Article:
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EACEA National Policies Platform:Eurydice
Organisation of centre-based ECEC


4.Early childhood education and care

4.2Organisation of centre-based ECEC

Last update: 24 January 2024

Admission requirements and choice of ECEC setting


Children under 3 years old can attend nurseries (detské jasle, officially called zariadenia starostlivosti o deti do troch rokov veku dieťaťa - facilities of care for children up to 3 years of age). Nurseries operate as a social service for the support of harmonisation of family and work life. They provide standard care for children, meals, and upbringing. Small children of this age may also be placed with childminders (opatrovateľ detí) or in a child group (more information on children groups available in chapter 4.4 Home-based provision). Parents can change nurseries for their children but the admission criteria are within local autonomy.

Children above the age of 3 years can attend kindergarten. Children who have reached the age of 2 can be admitted to kindergarten if there is free capacity and appropriate material, personnel, and spatial conditions. However, the headteacher must give admission priority to children above 3 years of age. 

Parents have a right to apply for admission of their child to pre-primary education at a kindergarten or a special kindergarten. The vast majority of parents opt for kindergartens near their residence or as close to it as possible. There has been an increase in the number of parents who choose a kindergarten according to the kindergarten’s focus or profile, the quality of the educational programme provided, etc.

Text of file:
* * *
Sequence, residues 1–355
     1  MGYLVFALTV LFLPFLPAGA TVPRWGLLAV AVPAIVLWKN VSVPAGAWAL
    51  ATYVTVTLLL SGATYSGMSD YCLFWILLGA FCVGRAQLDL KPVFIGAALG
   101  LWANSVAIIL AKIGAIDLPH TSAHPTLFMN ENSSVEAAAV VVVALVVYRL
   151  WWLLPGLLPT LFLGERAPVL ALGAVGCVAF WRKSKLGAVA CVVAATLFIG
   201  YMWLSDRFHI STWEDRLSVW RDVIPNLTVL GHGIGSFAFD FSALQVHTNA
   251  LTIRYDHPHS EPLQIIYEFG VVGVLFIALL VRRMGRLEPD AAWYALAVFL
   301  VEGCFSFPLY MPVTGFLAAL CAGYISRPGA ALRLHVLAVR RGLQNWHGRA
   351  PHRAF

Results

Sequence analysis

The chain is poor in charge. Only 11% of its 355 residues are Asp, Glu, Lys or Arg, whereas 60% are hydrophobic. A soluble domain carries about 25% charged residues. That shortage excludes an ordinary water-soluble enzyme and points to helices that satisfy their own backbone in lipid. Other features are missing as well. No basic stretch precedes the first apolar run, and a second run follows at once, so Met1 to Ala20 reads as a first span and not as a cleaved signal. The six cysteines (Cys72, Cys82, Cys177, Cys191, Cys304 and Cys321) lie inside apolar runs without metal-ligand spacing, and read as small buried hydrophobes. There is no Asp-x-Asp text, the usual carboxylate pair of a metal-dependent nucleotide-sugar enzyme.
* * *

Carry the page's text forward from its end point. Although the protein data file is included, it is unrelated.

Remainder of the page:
The admission of children into a kindergarten is the responsibility of the kindergarten headteacher. Children attend compulsory pre-primary education in a catchment kindergarten unless their parents choose a different kindergarten. The catchment kindergarten head must admit children with permanent residence in the municipality to compulsory pre-primary education. 

A child that attends kindergarten before it has reached the age from which pre-primary education is compulsory will continue attending compulsory pre-primary education in the respective kindergarten. 

Children who must attend compulsory pre-primary education are given priority in admission to pre-primary education. Other admission requirements are determined by the kindergarten head upon agreement with the kindergarten founder. The requirements are published at a publicly accessible place or on the kindergarten’s website if there is one. They must not be discriminatory or diminish children’s or their parents’ rights.

Kindergartens must not set admission requirements such as both parents being employed or the child’s or parents’ permanent residence being in the municipality in question. They can, however, stipulate that, for example, in case of a large number of applications, they will primarily admit children from the given municipality/area, children of employed parents, etc.